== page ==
The songwriter Paul Simon in 1973 sang, “One man’s ceiling is another man’s floor.” The same object or event means different things to different people at different times and under different circumstances. We know many combatants return from warfare experiences with both acute stress reactions and Post-Traumatic Stress Disorders. Also post-9/11, people in New York City suffered emotionally from the traumas.
Some people cite debilitating stress, anxiety and depression when they cannot find the correct screwdriver to repair their car. These life events run the gamut from severe and unusual events to mundane, common and less severe events. So, what governs our reaction to stressful events – the event, how we cope with it, what type of person we are or something else?
After forty years of psychiatric practice as a psychotherapist I have discovered two predominate types of people and two divergent coping styles. I call these the “Low-Copers” and the “High-Copers.” These labels apply to rather common stressors and not extraordinary ones like severe interpersonal abuse, violence, exposure to warfare, or severe physical illness or injury.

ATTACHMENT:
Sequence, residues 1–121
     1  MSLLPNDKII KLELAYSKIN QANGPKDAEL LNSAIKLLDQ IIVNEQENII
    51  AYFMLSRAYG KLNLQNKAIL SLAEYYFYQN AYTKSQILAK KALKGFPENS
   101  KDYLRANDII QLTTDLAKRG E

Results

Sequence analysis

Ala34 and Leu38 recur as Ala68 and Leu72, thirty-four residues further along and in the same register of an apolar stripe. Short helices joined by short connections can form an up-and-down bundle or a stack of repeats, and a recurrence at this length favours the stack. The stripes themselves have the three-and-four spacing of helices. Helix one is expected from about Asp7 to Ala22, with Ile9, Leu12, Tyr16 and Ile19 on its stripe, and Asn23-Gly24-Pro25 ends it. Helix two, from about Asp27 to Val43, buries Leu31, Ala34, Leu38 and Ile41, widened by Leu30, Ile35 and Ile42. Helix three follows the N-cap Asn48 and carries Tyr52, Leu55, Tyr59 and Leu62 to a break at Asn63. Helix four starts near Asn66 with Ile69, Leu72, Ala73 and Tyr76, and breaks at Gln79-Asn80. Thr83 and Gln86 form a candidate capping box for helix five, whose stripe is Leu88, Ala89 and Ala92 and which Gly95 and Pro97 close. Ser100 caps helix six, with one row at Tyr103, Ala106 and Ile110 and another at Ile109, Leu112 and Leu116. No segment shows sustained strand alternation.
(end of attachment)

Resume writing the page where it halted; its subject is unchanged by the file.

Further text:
Low-Copers do not cope well with even mild adversity. They whine and cry a lot and usually wind up getting other people “to do it” for them – solve their problem, make the decision for them, or take it off their hands.
High-Copers try and cope with all adversities with a “do-or-die” attitude. They will tackle very difficult and complex life issues on their own – divorce, death of a relative, and illnesses. They are reluctant to give up even when the situation is insolvable. And, High-Copers almost always take on the problems of others to solve, adding to their burdens.
Do you know any High—or Low– Copers or are you one of them?